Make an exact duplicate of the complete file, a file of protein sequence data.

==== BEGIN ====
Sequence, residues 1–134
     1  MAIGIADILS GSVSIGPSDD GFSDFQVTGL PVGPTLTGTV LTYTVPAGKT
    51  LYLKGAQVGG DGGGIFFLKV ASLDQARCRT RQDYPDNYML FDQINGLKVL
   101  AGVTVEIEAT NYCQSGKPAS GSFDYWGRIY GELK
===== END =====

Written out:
Sequence, residues 1–134
     1  MAIGIADILS GSVSIGPSDD GFSDFQVTGL PVGPTLTGTV LTYTVPAGKT
    51  LYLKGAQVGG DGGGIFFLKV ASLDQARCRT RQDYPDNYML FDQINGLKVL
   101  AGVTVEIEAT NYCQSGKPAS GSFDYWGRIY GELK